Sun, Apr 29, 2012 - Page 5 News List

India must hike fuel prices, PM says

AFP, NEW DELHI

Workers walk inside the complex of the Guru Gobind Singh oil refinery near Bhatinda, Punjab, India, on Friday. The refinery is a joint venture between Mittal Energy and India’s state-run Hindustan Petroleum Corp and was due to be inaugurated by Indian Prime Minister Manmohan Singh yesterday.

Photo: Reuters

India must hike fuel prices to offset spiraling oil import bills, Prime Minister Manmohan Singh said yesterday, after refiners threatened to raise gasoline prices to curb growing losses.

“We need to rationalize prices and at the same time ensure that the poor and needy are shielded from the effects of such a rationalization,” Singh said in a speech at the opening of a refinery in the northern state of Punjab.

“With imports accounting for 80 percent of our crude supplies, the spiraling prices of crude in the international market have put a severe strain on our import bill,” he added, without offering details on the hike.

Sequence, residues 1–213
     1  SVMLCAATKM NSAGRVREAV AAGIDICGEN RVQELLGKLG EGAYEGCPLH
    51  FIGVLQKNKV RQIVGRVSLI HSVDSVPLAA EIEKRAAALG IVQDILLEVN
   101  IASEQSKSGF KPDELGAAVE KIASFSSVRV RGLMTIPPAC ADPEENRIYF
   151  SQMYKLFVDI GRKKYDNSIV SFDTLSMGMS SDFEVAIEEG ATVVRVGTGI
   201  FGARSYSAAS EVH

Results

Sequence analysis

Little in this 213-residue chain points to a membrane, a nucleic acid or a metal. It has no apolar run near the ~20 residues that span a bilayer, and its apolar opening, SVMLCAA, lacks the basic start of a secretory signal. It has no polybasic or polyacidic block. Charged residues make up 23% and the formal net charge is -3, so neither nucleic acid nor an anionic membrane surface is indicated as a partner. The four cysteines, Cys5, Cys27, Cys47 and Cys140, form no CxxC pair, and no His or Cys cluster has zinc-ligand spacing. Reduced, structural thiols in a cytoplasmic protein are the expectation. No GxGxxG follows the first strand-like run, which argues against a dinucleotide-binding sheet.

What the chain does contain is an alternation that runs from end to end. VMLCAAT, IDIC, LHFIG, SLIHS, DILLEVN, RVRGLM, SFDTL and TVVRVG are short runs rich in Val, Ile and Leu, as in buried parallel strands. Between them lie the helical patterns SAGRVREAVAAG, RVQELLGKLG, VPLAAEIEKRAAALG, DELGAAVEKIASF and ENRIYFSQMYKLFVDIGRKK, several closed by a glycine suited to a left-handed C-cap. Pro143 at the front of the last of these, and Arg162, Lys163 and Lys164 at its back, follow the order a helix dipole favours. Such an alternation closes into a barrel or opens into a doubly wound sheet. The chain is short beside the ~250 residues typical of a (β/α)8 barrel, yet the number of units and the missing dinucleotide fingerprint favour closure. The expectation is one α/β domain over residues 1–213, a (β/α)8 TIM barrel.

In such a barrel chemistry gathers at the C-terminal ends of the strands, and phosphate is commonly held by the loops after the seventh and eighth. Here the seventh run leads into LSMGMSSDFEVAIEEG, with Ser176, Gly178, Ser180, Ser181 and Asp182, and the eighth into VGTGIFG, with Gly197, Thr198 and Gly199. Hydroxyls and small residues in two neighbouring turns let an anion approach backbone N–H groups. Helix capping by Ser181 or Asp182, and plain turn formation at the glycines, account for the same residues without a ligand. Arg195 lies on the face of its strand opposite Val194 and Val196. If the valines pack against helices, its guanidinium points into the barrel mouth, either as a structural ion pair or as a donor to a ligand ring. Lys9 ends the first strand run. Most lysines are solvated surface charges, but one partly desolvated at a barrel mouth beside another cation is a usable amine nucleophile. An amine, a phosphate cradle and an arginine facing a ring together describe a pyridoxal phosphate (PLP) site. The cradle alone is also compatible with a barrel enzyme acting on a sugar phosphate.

In the speech, posted on his Web site, he said India needs to conserve energy and there is “no room for inefficient and wasteful usage of fuel” in the country, where blackouts are frequent.

India’s Congress-led government in June 2010 deregulated petrol prices in a reform aimed at reducing the massive subsidies it pays to state-run fuel refiners which rely on imported energy.

Refiners have not raised gasoline prices since December last year, but say they must unless the cash-strapped government offsets their costs.

A sharp fall in the value of the rupee against the US dollar has exacerbated the companies’ losses.

When the government freed up prices for gasoline, seen as a fuel mainly used by middle-class Indians, it kept control of cooking gas and kerosene prices to protect the poor — Congress’ key supporters — against price shocks.

It also kept diesel fuel at below-market prices.

Singh’s warning that fuel prices need to rise comes as the government battles stubborn inflation, running at nearly 7 percent, and a slew of corruption scandals that have badly undermined its popularity.

The high cost of imported fuel is partly blamed for the ballooning of India’s current account deficit to its widest level in eight years.

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